On History and Perspective

I enjoy and am rather good at tasks requiring precision and problem solving.

I particularly enjoy precision of language; strict definition, objective and legally enforceable meanings. Moreover, I enjoy analysis that uses precise language, but has a scope that is able to holistically link seemingly disparate subjects. Economics and politics seem to do this a lot of the time.

I like being able to delve into the context of a case study in order to understand it better.

Take, for instance, the planned Queen’s speech for the state opening of parliament tomorrow, the 22nd of June. There are many angles one can approach the event from;

  • You can talk about the history of the relationship between the monarchy and Parliament,  Bad King John, the English Civil War, and the fact that the Prime Minster’s party technically derives its power from the Queen, asking her to form a Government on her behalf if they have a majority in the House of Commons.
  • You can examine the direct political context – the snap elections which shrunk Theresa May’s small majority down to a plurality of 317 (compared to Labour’s 262), just shy of a majority of seats in the House of Commons, which is of course, 650 and how this has forced her to tread much merely carefully
  • You can frame the event as in contrast to former state openings of Parliament, and how much of the Pomp and Ceremony has been suspended, officially because of clashes with other Royal commitments and the suddenness of this event, caused by May’s snap election decision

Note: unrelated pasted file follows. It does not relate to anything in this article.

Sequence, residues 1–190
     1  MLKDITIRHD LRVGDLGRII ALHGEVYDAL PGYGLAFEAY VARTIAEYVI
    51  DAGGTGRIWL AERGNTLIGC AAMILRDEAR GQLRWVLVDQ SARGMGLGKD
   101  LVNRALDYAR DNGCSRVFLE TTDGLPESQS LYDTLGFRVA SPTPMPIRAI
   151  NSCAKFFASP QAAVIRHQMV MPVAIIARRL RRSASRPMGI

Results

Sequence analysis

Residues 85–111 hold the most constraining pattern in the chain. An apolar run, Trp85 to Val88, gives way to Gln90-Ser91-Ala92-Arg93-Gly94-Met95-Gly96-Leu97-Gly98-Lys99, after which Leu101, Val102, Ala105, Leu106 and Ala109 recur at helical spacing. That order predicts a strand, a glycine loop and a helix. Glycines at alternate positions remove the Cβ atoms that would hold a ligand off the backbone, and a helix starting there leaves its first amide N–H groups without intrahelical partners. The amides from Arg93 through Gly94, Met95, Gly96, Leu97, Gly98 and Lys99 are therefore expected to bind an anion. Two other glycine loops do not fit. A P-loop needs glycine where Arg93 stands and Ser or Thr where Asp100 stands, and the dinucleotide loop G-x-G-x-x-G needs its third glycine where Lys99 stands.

• You can talk about the larger political context – how it was David Cameron’s Conservative Government took the gamble of a decision to hold the IN/OUT referendum, partially to put the issue to bed after decades of, mostly, Tory backbench grumblings, and how he expected an easy victory that would embolden his party and him personally as having A) given the people the chance to decide directly and B) he personally having campaigned for the winning Remain side, but in reality it shook the political tectonic plates and created new and deep fault lines
  • You can talk about Northern Irish politics, devolution, the Good Friday Agreement as the culmination of a difficult and drawn out peace process, and the power sharing that has occurred since, etched into the operation of the Northern Irish assembly. Crucially, you can also talk about how Northern Irish MPs from Sinn Fein are elected time and time again, but do not take up their seats in Westminster out of Protest and how this time, this left the DUP, ideologically closes to May’s Conservative party, very much in the driver’s seat and with disproportionate power as any rebellion may cause Government Policy to fail, votes of No Confidence, and perhaps, a fresh election.

It is not vital to have a deep understanding of each of these angles, but it is importance to have a broad understanding – as each allow you to understand the event in a slightly different way, and the culmination is a in-depth understanding underpinned by perspective.

I went to the Central Saint Martins Degree Show, and all it managed to do was solidify my exhaustion with art.